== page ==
30 January 1999

weighing up the early bag

With nitrogen prices likely to stay low, the temptation to use early N is greater than ever – but some say hold off with that first bag. David Millar reports.

PEACE of mind is the main justification for getting out with the fertiliser spreader whenever conditions allow.

Fertiliser prices are sitting nicely around the £95-98/t mark for UK-manufactured ammonium N so the early bag will stay part of February routine for many growers who see their soils at field capacity for water and high nitrogen leaching risk on lighter soils.

Indeed, for those growers with second cereals or light soils, the early bag is still the best route to take, provided they can get a tractor and fertiliser spreader on their fields.

Not all advisers agree, however, on the value of early nitrogen. Ian Richards, of Levington Agriculture, accepts that farmers do take the opportunity to put on the early nitrogen even although the majority of crops can wait quite satisfactorily for top dressing.

Levington is supplying Crops regularly with the data for SulphurCheck (see table) which includes sampling for nitrogen as well as sulphur on 12 varied sites in Devon, Lincolnshire and Suffolk. Although the latest available sampling results show losses of both mineral S and N from the 0-90cm soil layer over the autumn, mineralisation of organic matter led to some temporary increases, and on one loamy sand site in Lincolnshire there were significant increases in both sulphur and nitrogen, particularly in the 30-60cm and 60-90cm soil layers.

Leaving this unusual site aside, average losses between September and December were 25kgN/ha and 20kgS/ha from the 0-90cm soil layer. However, yet another Lincolnshire site lost 54kgN/ha and 117kgS/ha. Dr Richards points out these early results confirm the quite large changes – both positive and negative – in soil mineral S and N that can take place in autumn and early winter.

Now the Ministry of Agriculture has dropped its funding of ADAS nitrogen leaching sampling over winter, the Levington checks supported by The Sulphur Institute and Hydro Agri will provide one of the best guides for growers planning to top dress this spring. Fuller nitrogen and sulphur advice from Levington Agriculture will be published in the 27 February issue of Crops.

Along with other commercial organisations, ADAS continues to offer soil sampling for nitrogen, particularly aimed at growers using organic manures. ADAS soil scientist Brian Chambers is a supporter of the early bag. "In most circumstances I would go for the early bag – and for a second wheat almost certainly," he says.

"For first cereals, which are generally first wheats, I think it is a matter of judging it on the crops growth and development. If the crops look well forward with plenty of N there is no need to go with that early bag because there should be enough to see them through to early March or April."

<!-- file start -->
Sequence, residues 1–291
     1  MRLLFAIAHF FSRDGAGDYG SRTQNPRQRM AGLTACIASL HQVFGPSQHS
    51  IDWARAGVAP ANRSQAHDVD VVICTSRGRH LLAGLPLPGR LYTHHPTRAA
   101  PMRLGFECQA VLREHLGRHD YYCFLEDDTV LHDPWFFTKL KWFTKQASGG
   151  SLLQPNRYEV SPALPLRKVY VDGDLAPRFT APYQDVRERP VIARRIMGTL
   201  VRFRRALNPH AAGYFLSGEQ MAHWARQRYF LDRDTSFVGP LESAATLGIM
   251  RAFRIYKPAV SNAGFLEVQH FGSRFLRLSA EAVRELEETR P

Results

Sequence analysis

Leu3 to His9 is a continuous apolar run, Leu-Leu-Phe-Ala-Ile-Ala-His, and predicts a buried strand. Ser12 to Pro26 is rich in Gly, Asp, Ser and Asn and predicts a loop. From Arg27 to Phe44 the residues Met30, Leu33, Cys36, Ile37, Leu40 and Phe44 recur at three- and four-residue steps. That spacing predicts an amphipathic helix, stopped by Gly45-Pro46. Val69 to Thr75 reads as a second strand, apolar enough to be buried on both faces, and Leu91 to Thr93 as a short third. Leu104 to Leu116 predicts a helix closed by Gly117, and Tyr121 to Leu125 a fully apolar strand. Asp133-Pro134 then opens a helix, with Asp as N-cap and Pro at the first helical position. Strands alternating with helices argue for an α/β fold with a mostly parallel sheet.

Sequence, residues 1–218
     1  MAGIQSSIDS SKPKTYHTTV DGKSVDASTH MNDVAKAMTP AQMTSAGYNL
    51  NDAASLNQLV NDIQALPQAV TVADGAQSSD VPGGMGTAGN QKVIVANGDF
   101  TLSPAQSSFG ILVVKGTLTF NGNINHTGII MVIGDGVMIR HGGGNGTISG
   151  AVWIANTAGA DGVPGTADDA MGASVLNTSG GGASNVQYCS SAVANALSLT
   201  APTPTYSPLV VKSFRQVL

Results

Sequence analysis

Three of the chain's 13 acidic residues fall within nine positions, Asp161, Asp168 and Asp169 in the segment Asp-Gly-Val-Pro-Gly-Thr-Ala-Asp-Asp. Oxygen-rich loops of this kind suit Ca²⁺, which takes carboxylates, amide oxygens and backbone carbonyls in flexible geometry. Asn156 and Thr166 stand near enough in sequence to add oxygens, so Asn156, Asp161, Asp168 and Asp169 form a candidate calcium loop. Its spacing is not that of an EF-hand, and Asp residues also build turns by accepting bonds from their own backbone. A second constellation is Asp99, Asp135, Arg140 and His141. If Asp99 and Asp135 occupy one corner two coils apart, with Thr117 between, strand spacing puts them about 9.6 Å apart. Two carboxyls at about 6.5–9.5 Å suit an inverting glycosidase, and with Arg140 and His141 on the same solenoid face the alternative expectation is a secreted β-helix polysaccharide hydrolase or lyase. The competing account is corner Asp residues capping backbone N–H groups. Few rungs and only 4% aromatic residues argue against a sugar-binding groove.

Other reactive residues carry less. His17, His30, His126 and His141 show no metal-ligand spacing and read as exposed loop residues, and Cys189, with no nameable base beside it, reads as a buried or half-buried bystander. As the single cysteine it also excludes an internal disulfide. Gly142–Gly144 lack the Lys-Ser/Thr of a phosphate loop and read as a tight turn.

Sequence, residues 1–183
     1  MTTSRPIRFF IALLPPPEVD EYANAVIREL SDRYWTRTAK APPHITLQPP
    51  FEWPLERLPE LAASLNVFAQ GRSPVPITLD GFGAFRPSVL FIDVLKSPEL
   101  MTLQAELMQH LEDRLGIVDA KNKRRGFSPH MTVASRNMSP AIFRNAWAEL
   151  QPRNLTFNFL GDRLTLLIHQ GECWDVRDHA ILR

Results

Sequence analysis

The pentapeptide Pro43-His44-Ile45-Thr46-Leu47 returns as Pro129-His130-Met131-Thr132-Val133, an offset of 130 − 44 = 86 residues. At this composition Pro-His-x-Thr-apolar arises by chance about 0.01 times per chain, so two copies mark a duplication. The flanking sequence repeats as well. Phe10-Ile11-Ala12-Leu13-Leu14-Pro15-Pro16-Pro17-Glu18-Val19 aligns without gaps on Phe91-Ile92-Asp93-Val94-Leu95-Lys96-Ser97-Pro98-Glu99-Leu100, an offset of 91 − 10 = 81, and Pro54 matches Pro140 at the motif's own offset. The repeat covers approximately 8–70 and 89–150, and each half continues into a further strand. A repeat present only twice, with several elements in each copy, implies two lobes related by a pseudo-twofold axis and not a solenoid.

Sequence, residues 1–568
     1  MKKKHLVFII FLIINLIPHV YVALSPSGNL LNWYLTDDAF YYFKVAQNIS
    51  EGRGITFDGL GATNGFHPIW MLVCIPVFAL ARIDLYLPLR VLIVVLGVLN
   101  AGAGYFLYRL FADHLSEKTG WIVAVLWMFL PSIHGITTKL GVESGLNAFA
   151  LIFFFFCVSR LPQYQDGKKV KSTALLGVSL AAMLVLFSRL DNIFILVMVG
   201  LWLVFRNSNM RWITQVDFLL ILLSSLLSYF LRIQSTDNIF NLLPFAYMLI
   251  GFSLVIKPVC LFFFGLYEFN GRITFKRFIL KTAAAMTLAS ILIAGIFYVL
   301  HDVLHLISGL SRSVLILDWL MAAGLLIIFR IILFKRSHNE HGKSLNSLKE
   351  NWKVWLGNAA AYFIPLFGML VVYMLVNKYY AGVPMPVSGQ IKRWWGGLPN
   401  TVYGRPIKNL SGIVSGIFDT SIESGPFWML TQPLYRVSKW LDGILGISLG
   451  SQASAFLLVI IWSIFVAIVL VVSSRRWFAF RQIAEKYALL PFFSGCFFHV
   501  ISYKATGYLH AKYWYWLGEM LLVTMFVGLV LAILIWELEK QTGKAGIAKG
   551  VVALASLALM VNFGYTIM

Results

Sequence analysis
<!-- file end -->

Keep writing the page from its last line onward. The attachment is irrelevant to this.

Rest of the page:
However, Dr Chambers points out it is often worth putting 40kgN/ha on winter wheats or oilseed rape in mid-February because there is always the risk of the main top dressing being delayed by weather or ground conditions. "Generally this will be enough to see these crops through to the end of March. If the crops looked yellow in the autumn there may be enough justification for 60kgN/ha."

Dr Jim Lewis of Hydro Agri urges caution on soils that may have been waterlogged with the result that wheat root systems will not be operating as efficiently in taking up nitrogen as they might. "I would prefer to see fields dry out a bit before throwing nitrogen on," he says.

Even on lighter soils, which are free draining, there is a risk that applied N will move out of the profile rapidly. If soils are waterlogged there is also some volatilisation (loss to the atmosphere) of N when it is put on.

Dr Lewis does not favour hitting crops showing yellowing symptoms with 60kgN/ha in one hit. Growers should consider instead a couple of split applications before their main top dressing if they were concerned about giving such crops a boost.

However, provided fields can bear the traffic, many oilseed rape crops are growing well enough to justify early nitrogen because their root systems are strong and will be able to cope.

&#8226 In NVZs, growers should not be applying nitrogen before 1 February.


Soil mineral N 0-90cm kgN/ha Soil mineral S 0-90cm kgS/ha

County Soil texture Clay% Sept Oct Nov Dec Change Sept Oct Nov Dec Change

Devon Sandy loam 13 117 105 48 36 -80 61 52 47 43 -18

Devon Sandy loam 12 38 57 33 41 4 38 35 37 36 -2

Devon Sandy loam 17 49 32 60 45 -4 97 91 95 98 1

Devon Clay loam 23 86 403 126 135 49 73 94 90 119 46

Lincs Sandy loam 15 84 110 118 44 -39 77 183 89 50 -27

Lincs Sandy loam 17 96 44 114 42 -54 412 330 321 295 -117

Lincs Sand 5 133 133 90 90 -43 94 115 81 72 -22

Lincs Loamy sand 7 82 98 76 149 68 67 76 84 537 470

Suffolk Sandy loam 9 84 91 53 61 -24 45 47 50 53 8

Suffolk Sandy loam 16 24 25 14 19 -6 107 98 83 99 -8

Suffolk Sandy silt loam 14 112 123 56 49 -63 67 68 60 66 -2

Suffolk Sand 5 24 21 10 12 -11 43 27 26 28 -15

Average 77 105 66 60 -17 98 101 89 125 26